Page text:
Grades K-2

  • How High Can a Super Ball Bounce?
    How High Can a Super Ball Bounce?

    preview of 'How High Can a Super Ball Bounce?' Activity

    Students determine the coefficient of restitution (or the elasticity) for super balls. Working in pairs, they drop balls from a meter height and determine how high they bounce. They measure, record and repeat the process to gather data to calculate average bounce heights and coefficients of elastici...

  • Soil from Spoiled: Engineering a Compost Habitat for Worms
    Soil from Spoiled: Engineering a Compost Habitat for Worms

    preview of 'Soil from Spoiled: Engineering a Compost Habitat for Worms' Activity

    A unique activity for young learners that combines engineering and biology, students design an optimal environment for red wiggler worms in a compost bin.

  • Bacteria! It’s Everywhere!
    Bacteria! It’s Everywhere!

    preview of 'Bacteria! It’s Everywhere! ' Activity

    Students investigate what causes them to become sick during the school year. They use the engineering design process to test the classroom lab spaces for bacteria. After their tests, they develop ideas to control the spread of germs within the classroom.

  • Sink or Float? Engineering Solutions for a Sticky Situation
    Sink or Float? Engineering Solutions for a Sticky Situation

    preview of 'Sink or Float? Engineering Solutions for a Sticky Situation' Activity

    In this activity, students build a road out of Jell-O that is sturdy enough to drive a toy car across without sinking. Using the full engineering design process, students research and choose available ingredients that will support their car.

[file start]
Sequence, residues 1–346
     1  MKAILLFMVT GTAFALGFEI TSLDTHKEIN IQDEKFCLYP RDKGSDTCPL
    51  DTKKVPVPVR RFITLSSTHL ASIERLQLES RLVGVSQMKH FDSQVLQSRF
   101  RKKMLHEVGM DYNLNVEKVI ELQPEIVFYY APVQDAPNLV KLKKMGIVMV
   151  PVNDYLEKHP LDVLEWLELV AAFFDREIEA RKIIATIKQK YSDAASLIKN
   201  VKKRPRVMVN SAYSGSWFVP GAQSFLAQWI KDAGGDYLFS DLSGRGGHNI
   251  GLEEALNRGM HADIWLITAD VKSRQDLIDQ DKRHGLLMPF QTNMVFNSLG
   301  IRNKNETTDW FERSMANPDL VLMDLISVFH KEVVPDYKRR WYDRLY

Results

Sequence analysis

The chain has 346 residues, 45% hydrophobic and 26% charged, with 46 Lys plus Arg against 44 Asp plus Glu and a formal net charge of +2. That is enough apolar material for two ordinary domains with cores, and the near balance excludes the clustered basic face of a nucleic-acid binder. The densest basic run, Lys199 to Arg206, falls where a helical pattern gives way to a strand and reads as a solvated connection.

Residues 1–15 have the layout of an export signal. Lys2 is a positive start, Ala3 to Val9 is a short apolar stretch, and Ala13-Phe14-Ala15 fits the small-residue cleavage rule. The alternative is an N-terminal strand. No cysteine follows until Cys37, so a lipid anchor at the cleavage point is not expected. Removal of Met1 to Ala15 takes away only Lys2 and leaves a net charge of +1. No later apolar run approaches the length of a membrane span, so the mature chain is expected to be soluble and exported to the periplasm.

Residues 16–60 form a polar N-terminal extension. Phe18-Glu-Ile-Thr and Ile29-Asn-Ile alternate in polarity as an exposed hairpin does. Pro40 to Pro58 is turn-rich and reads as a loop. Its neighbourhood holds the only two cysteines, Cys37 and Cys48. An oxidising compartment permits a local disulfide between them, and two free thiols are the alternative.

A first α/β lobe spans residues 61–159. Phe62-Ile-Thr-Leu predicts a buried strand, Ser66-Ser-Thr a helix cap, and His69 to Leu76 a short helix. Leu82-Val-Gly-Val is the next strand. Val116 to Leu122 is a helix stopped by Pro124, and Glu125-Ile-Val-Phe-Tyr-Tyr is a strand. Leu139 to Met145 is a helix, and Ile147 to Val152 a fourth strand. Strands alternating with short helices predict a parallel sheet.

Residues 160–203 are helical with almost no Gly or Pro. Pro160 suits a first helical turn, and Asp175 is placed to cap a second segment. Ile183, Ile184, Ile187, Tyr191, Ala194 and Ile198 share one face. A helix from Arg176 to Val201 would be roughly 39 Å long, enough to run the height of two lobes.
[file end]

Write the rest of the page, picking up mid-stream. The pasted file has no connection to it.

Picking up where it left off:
• Super Slime Engineering
    Super Slime Engineering

    preview of 'Super Slime Engineering' Activity

    Students apply engineering skills to engineer the best slime! Beginning with a given recipe, students make slime, observe it, and then decide on what and how they want to improve it (for example, stickier, less sticky, etc.) Students then make their updated slime by implementing the changes they wan...

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Grades 3-5

  • Swinging with Style
    Swinging with Style

    preview of 'Swinging with Style' Activity

    Students experientially learn about the characteristics of a simple physics phenomenon — the pendulum — by riding on playground swings. They use pendulum terms and a timer to experiment with swing variables. They extend their knowledge by following the steps of the engineering design process to desi...

  • Modeling and Testing Physical Properties of Slime
    Modeling and Testing Physical Properties of Slime

    preview of 'Modeling and Testing Physical Properties of Slime' Activity

    An exploration of an engineering brief from a mock toy company leads students to explore a new slime with a unique set of characteristics. Using simple directions, students create five different types of slime and classify their slime properties against the criteria provided by the mock toy company....